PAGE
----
On US they can appear as poorly defined complex cystic structures with internal septations. They can have an anechoic appearance, however, this can change if there has been hemorrhage within. Additionally, they can have increased vascularity seen within the internal stroma when doppler is applied. Cystic hygromas can cross tissue planes and cause significant mass effect when large (3,5,12).

Their appearance on CT and MRI is variable but they are typically ill-defined; in the absence of hemorrhage or infection they demonstrate the usual cystic properties expected for the modality, as previously described (see Figure 4) (5). A differential diagnosis to consider for this typically posterior neck mass is an occipital meningocele; they can be distinguished form a cystic hygroma as they will be related to an underlying skull abnormality and there will be an absence of internal septations on US (13).

Figure 4 This MRI of an infant demonstrates a unilocular cystic structure in the lateral aspect of the right lower neck on a coronal fluid-sensitive STIR sequence, in keeping with the clinical suspicion of a cystic hygroma (arrow).

Dermoid cyst

Dermoid cysts are broadly subdivided by their histology: epidermoid, dermoid and teratoma, however, the broad term of ‘dermoid cyst’ is often quoted within the literature. They are an unusual cause of neck swelling but awareness of the lesions is necessary as they can be confused with thyroglossal duct cysts since they too are conventionally located adjacent to the hyoid bone in the midline. They can be located within the floor of the mouth and can appear as a visible, palpable swelling when located superficially. Furthermore, they may not present until later in childhood or early adulthood as they increase in volume slowly. Their imaging appearances can vary with their differing content, however, if there is fat present within the cyst then this is favorable for a teratoma (1,4,14,15). Figure 5 shows an example of a dermoid cyst.

Figure 5 This is a longitudinal view of a suprasternal dermoid cyst on ultrasound which demonstrates it as a superficial, well demarcated ovoid structure with increased internal echogenicity and posterior acoustic enhancement.

Thymic cyst and ectopic thymus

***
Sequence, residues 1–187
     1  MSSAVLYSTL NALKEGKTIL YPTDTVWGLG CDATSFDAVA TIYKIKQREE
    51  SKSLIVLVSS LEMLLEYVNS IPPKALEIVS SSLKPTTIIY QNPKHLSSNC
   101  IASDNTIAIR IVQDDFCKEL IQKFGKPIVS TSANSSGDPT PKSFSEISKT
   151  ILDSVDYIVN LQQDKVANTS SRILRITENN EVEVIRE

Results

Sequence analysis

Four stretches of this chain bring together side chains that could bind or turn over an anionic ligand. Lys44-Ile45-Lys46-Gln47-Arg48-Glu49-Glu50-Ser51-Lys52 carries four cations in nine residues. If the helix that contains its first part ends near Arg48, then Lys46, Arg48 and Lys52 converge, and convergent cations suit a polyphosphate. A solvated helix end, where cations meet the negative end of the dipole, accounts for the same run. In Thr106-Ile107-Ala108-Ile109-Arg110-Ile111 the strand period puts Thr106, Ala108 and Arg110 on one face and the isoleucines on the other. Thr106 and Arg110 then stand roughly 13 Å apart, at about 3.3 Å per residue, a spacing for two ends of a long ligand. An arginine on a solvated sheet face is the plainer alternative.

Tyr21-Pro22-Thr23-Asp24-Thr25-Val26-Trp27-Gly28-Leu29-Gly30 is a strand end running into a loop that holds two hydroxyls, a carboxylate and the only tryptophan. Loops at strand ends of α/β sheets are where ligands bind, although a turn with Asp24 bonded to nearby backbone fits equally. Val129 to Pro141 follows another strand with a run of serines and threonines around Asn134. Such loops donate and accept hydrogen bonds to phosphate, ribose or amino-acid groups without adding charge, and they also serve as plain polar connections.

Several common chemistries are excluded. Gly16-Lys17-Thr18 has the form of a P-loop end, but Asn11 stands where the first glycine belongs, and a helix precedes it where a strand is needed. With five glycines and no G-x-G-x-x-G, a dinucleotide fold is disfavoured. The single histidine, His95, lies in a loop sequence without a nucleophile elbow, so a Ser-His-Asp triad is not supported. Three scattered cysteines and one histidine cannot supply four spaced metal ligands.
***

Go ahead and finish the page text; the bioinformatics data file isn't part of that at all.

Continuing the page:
The thymus originates from the third pair of branchial arches; abnormalities can occur when the normal descent of the tissue to the anterior mediastinum is affected during development. Ectopic thymuses can be found within the anterior triangle and deeper fascial layers and demonstrate an echotexture similar to that of liver parenchyma on US (Figure 6). Thymic cysts are rarely encountered and can result from degenerated thymic tissue causing cyst formation or from remaining thyropharyngeal duct tissue. They are typically a single cyst with an associated soft tissue component with up to half remaining connected to thoracic thymic tissue. Their contents can vary resulting in differing appearances on US (2,3,15).

Figure 6 Image A demonstrates the normal appearance of thymic tissue within the mediastinum and image B shows a structure within the neck displaying the same echogenicity, this indicates ectopic thymic tissue within the neck. Image C highlights the same signal intensity of thymus within the mediastinum and neck on a coronal STIR sequence (arrows).

Neoplastic lesions

Benign neoplastic lesions

Hemangiomas and vascular malformations

Congenital vascular malformations are commonly encountered in the head and neck and can be broadly classified into two distinct subtypes: infantile hemangiomas and vascular malformations. The former demonstrates an increased endothelial turnover rate and expand in an incommensurate manner, unlike the latter which are formed of endothelial tissues that increase in size in proportion to surrounding structures. US is an excellent, non-invasive means of assessing the degree of involvement of surrounding soft tissues as well as the area involved (Figure 7). The caliber and degree of flow demonstrated within a vascular malformation can help in determining the vessels involved, slow internal flow is seen in those with capillary, venous or lymphatic involvement. Arterial supply is suggested by higher flow rates with doppler imaging. This distinction can subsequently aid in determining therapeutic approach. US can also detect calcium formation within vascular malformations by detecting an echo-bright area with posterior acoustic shadowing. On CT vascular malformations have similar attenuation properties to muscle but their appearance in the presence of intravenous contrast can alter greatly (2,3,16).

Figure 7 Image A is an ultrasound of an 18-month old child demonstrating a superficial soft tissue mass with mixed internal echogenicity with no deep structure involvement. When doppler is applied (B) this area shows avid vascularity. The imaging and clinical characteristics were that of an infantile hemangioma.